Tionna Williams photo

UW's Tionna Williams' kill attempt is blocked Stanford's Ivana Vanjak in the Badgers' NCAA Elite Eight loss to the Cardinal last December at the UW Field House.

AMBER ARNOLD, STATE JOURNAL ARCHIVES

Rematch? Not really.

Revenge opportunity? No way.

Interesting coincidence? That’s more like it.

The University of Wisconsin volleyball team will meet Stanford in the NCAA tournament regionals Friday night for the second consecutive year.

But much has happened to both programs since that match in the regional final a year ago when the Cardinal rallied from a 2-0 deficit to win the last three sets to earn a spot in the Final Four and eventually capture the seventh national championship in program history.

The lineup that will take the floor for the Badgers at Stanford is almost entirely different from a year ago, with only junior middle blocker Tionna Williams and sophomore defensive specialist M.E. Dodge returning in the same positions, and even Dodge’s role has been altered.

Stanford’s lineup, on the other hand, remains largely intact, with the notable exception of All-American middle Inky Ajanaku, who is now playing professionally in Switzerland. But the Cardinal has new leadership as legendary coach John Dunning retired and was replaced by former Illinois coach Kevin Hambly.

The two programs have also switched roles. Last year the Badgers earned the home court as the No. 4 overall seed with a veteran lineup featuring All-Americans Lauren Carlini and Haleigh Nelson, while the Cardinal was coming on strong after a slow start with a heralded freshman class surrounding Ajanaku.

This year, Stanford (28-3) is the No. 3 overall seed and is among the favorites for the title, while the Badgers (22-9) are the upstarts with a young, improving lineup that is hoping to peak at the end of the season.

“This year our team is completely different so it’s going to be a different kind of battle with them,” said senior outside hitter Kelli Bates, who played libero in last year’s match. “They have a lot of returners so it’ll be kind of be the same situation but opposite. I’m excited to play them and it’s going to be fun.”

UW coach Kelly Sheffield said last year’s match is largely irrelevant this year.

“We’re not going to talk about it,” he said. “A lot of our kids on the team right now, even quite a few of them that are playing, last year they were getting ready for West Central High School or something like that and finishing up their Christmas shopping. We’ve got players on our team I’m not even sure they know who Inky Ajanaku is.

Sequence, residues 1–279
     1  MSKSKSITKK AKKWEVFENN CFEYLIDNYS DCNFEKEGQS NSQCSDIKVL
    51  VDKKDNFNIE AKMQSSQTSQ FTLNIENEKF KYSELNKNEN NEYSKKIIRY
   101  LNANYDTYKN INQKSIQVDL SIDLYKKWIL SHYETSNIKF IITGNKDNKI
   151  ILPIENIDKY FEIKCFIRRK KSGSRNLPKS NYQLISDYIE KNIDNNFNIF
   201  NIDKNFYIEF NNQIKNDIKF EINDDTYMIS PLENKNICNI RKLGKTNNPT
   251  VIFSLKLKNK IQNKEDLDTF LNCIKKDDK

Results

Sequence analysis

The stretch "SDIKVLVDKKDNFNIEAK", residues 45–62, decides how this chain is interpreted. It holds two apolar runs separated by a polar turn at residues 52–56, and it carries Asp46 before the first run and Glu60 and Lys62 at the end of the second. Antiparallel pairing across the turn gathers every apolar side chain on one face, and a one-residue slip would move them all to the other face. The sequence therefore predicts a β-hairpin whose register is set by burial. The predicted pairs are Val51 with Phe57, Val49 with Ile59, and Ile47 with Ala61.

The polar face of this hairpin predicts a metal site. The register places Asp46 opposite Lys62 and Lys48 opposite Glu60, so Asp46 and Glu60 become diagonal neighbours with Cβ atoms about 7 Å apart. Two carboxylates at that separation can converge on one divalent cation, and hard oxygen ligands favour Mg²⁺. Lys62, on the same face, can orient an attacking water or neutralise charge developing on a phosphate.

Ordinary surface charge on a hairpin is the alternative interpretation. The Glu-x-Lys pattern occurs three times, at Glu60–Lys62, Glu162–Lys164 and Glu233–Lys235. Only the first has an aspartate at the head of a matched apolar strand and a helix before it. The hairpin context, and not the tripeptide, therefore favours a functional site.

“It was a fantastic match, a great NCAA tournament match last year, a great environment. But their best player is gone, they’ve got a new coach. I think our energy and our focus will be, hey, we’ve got an opportunity in front of us to keep playing and keep advancing in the NCAA tournament. Let’s keep the distractions out and focus in on what we have to do, which is beat this year’s Stanford team with this year’s players.”

Last year’s match left its mark on those who played in it.

“It was heartbreaking,” Bates said. “That’s one of those games you’re going to remember for a really long time. That game was not something I thought would’ve happened, but I’m glad it did. I’m glad Stanford ended up bringing their best match against us. You always take something away from that.”

Senior Lauryn Gillis said that match provided an important life lesson.

“It brings up what can happen in sports,” Gillis said. “You can be up 2-0 and lose. You can’t consider anything over until it’s over.

“Not to be cliché, but that’s something you can carry over into life. You have to finish things completely no matter what it is. We don’t talk about Stanford, but we talk about finishing strong.”

Freshman middle blocker Dana Rettke watched that match along with future teammates Grace Loberg and Mariah Whalen from the grandstand just above the scoreboard in the southeast corner of the Field House. She remembers feeling compassion for the seniors who had helped recruit her to UW mixed with a resolve for the future.

“I knew when I was watching that game that everyone would want another chance at Stanford,” Rettke said. “I remember thinking I’m going to be doing this next year. That was crazy to me. It’s real now.”

The Badgers will be playing in the Sweet 16 for the fifth consecutive year, going 3-1 in the past four years. The past three such matches have gone to five sets. While this year’s opponent adds a level of intrigue, it’s only a minor source of inspiration.

“There’s always motivation because this is a Sweet 16 game,” Bates said. “It just so happens that Stanford is the Sweet 16 game. The big thing is I want to put more stuff up in the gym. I want to put banners up there.”

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Dennis Punzel covers Wisconsin Badgers volleyball, women's basketball for the Wisconsin State Journal.